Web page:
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    Thanks Megan, I'm pretty sure he was never baptised based on a lot of searching and some other evidence, eg. he stated he was a Baptist when he arrived in Australia in 1853, presumably as a way to explain why he had no proof of identity while his wife and children did (I have the original baptism extracts they took with them). I am pretty sure neither he or his mother Ann was actually a Baptist; she had been baptised along with her siblings. I think it may come down to the fact that he was illegitimate and the alleged father was from a class above Ann's poverty-stricken laboring family (they are consistently on the Broughton poor rate records), suggesting some pressure to avoid a public event such as a baptism. That is my current theory. Thanks again

  5. #15
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    If he was a baptist then he would not be baptised until he was an adult. Baptists do not baptise babies.

    My maternal grandmother converted to baptism after the birth and baptism of her eldest child, so none of four youngest, including my mother, were baptised as children. When my mother was grown she rebelled, and it was not until she was about 40 that she joined the presbyterian church and was baptised there.

  6. #16
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    Thanks, I know that the mother was subject to a Bastardy Examination and the father was identified, so the 'interference' on that front had already happened before Thomas was born. I am thinking that the standing in the village of the identified father probably had something to do with there being no baptism (his father was an Overseer of the Poor at one time). I have also now gone through all of the village Poor records (which are quite extensive) and there is no record of payments for maintenance from the parish. I assume that means the putative father provided maintenance directly as required under the Old Poor Law.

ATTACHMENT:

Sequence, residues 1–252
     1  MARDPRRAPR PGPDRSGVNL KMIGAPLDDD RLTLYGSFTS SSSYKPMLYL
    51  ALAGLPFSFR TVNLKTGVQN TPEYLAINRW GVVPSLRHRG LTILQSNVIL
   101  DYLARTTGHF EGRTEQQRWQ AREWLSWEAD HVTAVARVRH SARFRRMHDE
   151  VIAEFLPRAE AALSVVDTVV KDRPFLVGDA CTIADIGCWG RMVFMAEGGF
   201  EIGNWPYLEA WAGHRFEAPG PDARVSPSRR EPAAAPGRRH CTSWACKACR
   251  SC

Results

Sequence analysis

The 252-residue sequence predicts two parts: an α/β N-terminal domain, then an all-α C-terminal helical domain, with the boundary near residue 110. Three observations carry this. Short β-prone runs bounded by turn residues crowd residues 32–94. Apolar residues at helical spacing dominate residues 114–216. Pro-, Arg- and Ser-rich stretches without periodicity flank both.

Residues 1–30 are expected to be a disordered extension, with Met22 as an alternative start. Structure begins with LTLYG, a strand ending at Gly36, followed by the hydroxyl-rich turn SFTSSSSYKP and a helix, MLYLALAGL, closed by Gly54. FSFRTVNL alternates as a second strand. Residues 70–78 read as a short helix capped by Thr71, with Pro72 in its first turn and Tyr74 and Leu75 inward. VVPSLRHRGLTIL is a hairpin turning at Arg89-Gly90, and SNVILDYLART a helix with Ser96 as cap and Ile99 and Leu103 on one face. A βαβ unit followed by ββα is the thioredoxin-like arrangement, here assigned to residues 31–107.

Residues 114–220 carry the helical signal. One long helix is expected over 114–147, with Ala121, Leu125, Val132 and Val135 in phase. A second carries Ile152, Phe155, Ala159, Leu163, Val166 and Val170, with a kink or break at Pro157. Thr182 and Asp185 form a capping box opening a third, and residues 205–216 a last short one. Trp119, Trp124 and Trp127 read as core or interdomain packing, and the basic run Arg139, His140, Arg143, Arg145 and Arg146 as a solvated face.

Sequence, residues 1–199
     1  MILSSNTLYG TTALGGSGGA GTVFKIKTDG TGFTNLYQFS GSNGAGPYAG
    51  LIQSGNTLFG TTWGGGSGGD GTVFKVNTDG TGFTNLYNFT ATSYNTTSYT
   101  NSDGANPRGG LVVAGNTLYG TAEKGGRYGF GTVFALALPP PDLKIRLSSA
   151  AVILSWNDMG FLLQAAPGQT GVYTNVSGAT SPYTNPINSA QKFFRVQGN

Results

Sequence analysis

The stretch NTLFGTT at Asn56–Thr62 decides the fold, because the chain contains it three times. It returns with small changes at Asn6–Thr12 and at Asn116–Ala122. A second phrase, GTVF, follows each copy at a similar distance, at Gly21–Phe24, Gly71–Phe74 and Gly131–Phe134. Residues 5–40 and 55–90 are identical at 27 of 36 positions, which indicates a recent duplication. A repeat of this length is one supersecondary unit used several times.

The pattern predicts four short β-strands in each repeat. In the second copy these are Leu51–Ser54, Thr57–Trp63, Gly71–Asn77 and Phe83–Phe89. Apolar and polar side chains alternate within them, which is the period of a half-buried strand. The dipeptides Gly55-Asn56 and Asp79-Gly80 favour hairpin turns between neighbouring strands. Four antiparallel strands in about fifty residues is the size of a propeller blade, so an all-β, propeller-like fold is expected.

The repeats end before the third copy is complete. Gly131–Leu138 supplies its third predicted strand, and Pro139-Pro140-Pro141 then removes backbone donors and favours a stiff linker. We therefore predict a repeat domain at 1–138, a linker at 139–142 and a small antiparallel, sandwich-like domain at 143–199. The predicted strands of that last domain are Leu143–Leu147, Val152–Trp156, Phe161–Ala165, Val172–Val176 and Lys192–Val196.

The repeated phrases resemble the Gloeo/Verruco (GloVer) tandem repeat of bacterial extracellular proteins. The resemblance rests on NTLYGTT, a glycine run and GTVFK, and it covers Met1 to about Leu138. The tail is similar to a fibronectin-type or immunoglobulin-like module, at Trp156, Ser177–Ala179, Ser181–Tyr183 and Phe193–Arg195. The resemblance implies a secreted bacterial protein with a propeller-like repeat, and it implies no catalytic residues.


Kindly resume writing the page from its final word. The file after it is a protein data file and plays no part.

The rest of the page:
I spent some time on the workhouses.org site, amazing amount of material. I found a link to a paper called "The Politics of Illegitimacy in an Age of Reform" which explains the political context and what lead to the changes in 1834, very interesting read if anyone has further interest in the topic.

    Ironically Thomas's future wife had several illegitimate children after the 1834 law change and she ended up in the Workhouse with them. Neither of the children survived reflecting perhaps the harshness of the revised laws.

  7. #17
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    My reply was more in response to your original enquiry about the article you had read, but playing devil's advocate, most illegitimate children were baptised without any mention of the father, so I don't see why the father's 'standing' would have any bearing.

    Perhaps he was a baptist after all? My family switched to become baptists, and although my mother was baptised (as an adult) I chose not to be and married in a CofE church - but if asked I still class myself as a baptist.

  8. #18
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    There is a lot of evidence that he wasn't in fact a baptist. For him not to be baptised because of that reason would obviously mean it was his mother who was a baptist. She married several years later and had three children who were all baptised. Also, after Thomas landed in Australia he hosted the local farming community in his home for several years for Anglican service while a church was being built. All four of his children were also baptised in the Anglican church.